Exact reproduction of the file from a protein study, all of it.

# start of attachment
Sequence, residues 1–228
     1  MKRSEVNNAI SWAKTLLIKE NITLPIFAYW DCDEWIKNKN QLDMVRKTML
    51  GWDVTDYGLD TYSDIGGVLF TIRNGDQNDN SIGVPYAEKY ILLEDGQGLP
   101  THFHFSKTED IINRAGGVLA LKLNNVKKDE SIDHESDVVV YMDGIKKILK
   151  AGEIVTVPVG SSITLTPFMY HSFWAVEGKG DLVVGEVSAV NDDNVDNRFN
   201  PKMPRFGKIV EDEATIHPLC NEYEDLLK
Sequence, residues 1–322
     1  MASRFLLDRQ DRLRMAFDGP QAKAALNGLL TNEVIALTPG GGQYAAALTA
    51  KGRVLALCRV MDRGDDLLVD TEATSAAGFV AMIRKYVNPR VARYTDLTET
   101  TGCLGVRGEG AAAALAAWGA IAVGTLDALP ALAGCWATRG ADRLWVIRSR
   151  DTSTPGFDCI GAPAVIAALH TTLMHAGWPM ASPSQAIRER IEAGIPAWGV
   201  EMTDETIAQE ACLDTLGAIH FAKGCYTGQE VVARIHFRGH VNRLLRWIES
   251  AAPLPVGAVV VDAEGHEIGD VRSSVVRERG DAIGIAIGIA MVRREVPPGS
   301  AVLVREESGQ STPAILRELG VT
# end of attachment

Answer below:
Sequence, residues 1–228
     1  MKRSEVNNAI SWAKTLLIKE NITLPIFAYW DCDEWIKNKN QLDMVRKTML
    51  GWDVTDYGLD TYSDIGGVLF TIRNGDQNDN SIGVPYAEKY ILLEDGQGLP
   101  THFHFSKTED IINRAGGVLA LKLNNVKKDE SIDHESDVVV YMDGIKKILK
   151  AGEIVTVPVG SSITLTPFMY HSFWAVEGKG DLVVGEVSAV NDDNVDNRFN
   201  PKMPRFGKIV EDEATIHPLC NEYEDLLK
Sequence, residues 1–322
     1  MASRFLLDRQ DRLRMAFDGP QAKAALNGLL TNEVIALTPG GGQYAAALTA
    51  KGRVLALCRV MDRGDDLLVD TEATSAAGFV AMIRKYVNPR VARYTDLTET
   101  TGCLGVRGEG AAAALAAWGA IAVGTLDALP ALAGCWATRG ADRLWVIRSR
   151  DTSTPGFDCI GAPAVIAALH TTLMHAGWPM ASPSQAIRER IEAGIPAWGV
   201  EMTDETIAQE ACLDTLGAIH FAKGCYTGQE VVARIHFRGH VNRLLRWIES
   251  AAPLPVGAVV VDAEGHEIGD VRSSVVRERG DAIGIAIGIA MVRREVPPGS
   301  AVLVREESGQ STPAILRELG VT